What to Do When You Get Laid Off

By Robert Half on February 13, 2023 at 2:00pm

Getting laid off is never pleasant — whether you’ve seen the writing on the wall or it comes as a total shock. As well as leaving a dent in your finances, a layoff may cause significant emotional distress.

There’s no way to make a layoff a happy experience. But there are ways to cushion the blow, allowing you to bounce back and start a job search in a positive frame of mind. Here’s what to do when you get laid off.

Get a layoff letter

Layoff letters (or laid-off letters) are supplied by your company’s HR department and explain that your position was eliminated for reasons beyond your control. Essentially, they let prospective employers know that poor performance or misconduct played no part in the layoff.

Layoff letters are typically included in the paperwork packages you receive when you’re let go. If you don’t receive one, get in touch with HR. Layoff letters are usually hard copies on company letterhead, but an email is also acceptable. Once you have your layoff letter, you can take it with you to interviews to help explain your situation to potential employers.

Find out where you stand on benefits and pay

Wondering how you’ll make ends meet is a natural reaction to being laid off. So, before you part ways with your employer, ask what you may be entitled to.

First, make sure you understand your health insurance options. Depending on the size of your organization, you may be eligible for coverage under the Consolidated Omnibus Budget Reconciliation Act (COBRA). Offering temporary coverage for up to 18 months, COBRA is designed to extend health benefits for unemployed workers. If you don’t qualify, search for coverage under the Affordable Care Act (ACA). You may be eligible for a subsidy.

Next is pay. You may receive a severance package depending on the company and your seniority. These typically include one to two weeks of pay per year with the organization. If you don’t qualify for severance, ask about the date of your final paycheck. If you’re owed vacation payouts or expense reimbursements, ask about those too.

Finally, register for unemployment as soon as you can. This will help ensure you have some income to support you while you are conducting your job search.

Give yourself some time to process the layoff

A layoff can be a blow to your self-esteem, with adverse (but usually temporary) effects on your mental health. Giving yourself time to experience and process your emotions is essential. It’s perfectly normal to feel angry, sad or scared, and there’s nothing wrong with taking a few days to catch your breath before kicking off a job search. If it helps, try some healthy coping techniques like journaling, exercise or meditation to help reset. If you’re having trouble getting out of the funk, don’t be afraid to seek professional help. The better your frame of mind, the more fruitful your job search will likely be.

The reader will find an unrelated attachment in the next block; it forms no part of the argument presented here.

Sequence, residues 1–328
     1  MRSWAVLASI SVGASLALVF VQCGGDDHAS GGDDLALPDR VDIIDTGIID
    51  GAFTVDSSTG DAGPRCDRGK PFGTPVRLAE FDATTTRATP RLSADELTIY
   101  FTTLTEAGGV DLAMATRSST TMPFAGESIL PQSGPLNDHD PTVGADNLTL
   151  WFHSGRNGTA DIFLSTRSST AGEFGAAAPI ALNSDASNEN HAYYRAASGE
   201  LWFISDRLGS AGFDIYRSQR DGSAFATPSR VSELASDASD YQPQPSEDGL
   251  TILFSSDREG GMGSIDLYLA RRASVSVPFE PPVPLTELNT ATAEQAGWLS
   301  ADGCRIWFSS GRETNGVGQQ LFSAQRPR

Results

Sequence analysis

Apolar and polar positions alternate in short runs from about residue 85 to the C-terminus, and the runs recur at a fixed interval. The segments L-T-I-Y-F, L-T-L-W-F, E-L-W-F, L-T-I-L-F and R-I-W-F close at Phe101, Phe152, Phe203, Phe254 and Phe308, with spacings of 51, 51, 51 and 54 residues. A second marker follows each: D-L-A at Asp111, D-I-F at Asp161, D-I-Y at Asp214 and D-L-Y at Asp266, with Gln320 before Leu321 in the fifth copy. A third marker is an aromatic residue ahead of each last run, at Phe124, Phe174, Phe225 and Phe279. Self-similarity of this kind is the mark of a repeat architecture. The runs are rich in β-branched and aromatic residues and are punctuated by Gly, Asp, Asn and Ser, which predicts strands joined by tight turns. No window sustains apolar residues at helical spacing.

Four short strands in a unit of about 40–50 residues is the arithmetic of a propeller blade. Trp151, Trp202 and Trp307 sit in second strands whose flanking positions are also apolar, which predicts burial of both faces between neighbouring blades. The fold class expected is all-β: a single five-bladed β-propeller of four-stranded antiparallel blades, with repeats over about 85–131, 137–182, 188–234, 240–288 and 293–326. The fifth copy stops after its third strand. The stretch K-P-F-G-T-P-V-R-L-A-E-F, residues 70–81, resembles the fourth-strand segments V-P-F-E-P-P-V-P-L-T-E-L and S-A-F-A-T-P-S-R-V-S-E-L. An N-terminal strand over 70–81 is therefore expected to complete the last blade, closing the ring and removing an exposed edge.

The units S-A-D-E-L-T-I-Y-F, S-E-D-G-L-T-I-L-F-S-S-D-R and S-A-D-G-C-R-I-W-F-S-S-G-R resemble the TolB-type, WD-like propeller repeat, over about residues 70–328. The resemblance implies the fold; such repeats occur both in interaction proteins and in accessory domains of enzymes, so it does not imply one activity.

Remember: any anger or resentment toward your former employer is temporary, whereas social media rants are permanent. Even if you quickly delete these comments, they can persist in screenshots or the memories of those who read them, damaging your reputation. There’s nothing wrong with venting, but ask a friend, family member or trusted mentor to lend you their ear for that purpose.

Update your resume

Before starting a job search, take some time to review, update and polish your resume. Refresh your skills and work experience sections, but don’t waste space explaining or justifying your current situation. Your layoff letter serves that purpose, and potential employers will expect you to be thinking about the future rather than dwelling on the past.

Once you’ve knocked your resume into shape, repeat the process with your other marketing materials. If you’ve never found the time to craft a polished and recruiter-friendly LinkedIn profile, now’s the moment. And if you remain on good terms with your former manager, why not ask them for a LinkedIn recommendation? This serves a dual purpose, highlighting your current skill set and demonstrating to potential employers that you have a professional, no-hard-feelings mindset.

Plan your job search carefully

Some people go to extremes after a layoff, either waiting too long to begin a job search or rushing headlong into it and spending every minute poring over job boards or firing off applications. While you don’t want to procrastinate, be kind to yourself and draw up a schedule that includes other activities. Pursue a professional certification or simply recharge your batteries by taking up a new hobby.

Don’t underestimate the power of networking in a successful job search. Reach out to your contacts, both in person and virtually, and see what leads turn up. Reply to LinkedIn posts by thought leaders in your field — you never know who might click through to your profile.

Finally, keep an open mind regarding the type of role that might advance your career. If opportunities are limited in your area, why not apply for a remote position at a company based elsewhere? If it’s hard to land a permanent job, consider a temporary or contract role where you can learn new skills.

Whatever your needs, working with a talent solutions firm like Robert Half can take much of the time and stress out of a job search. We’re in your corner and can help you get back on your feet following your layoff.

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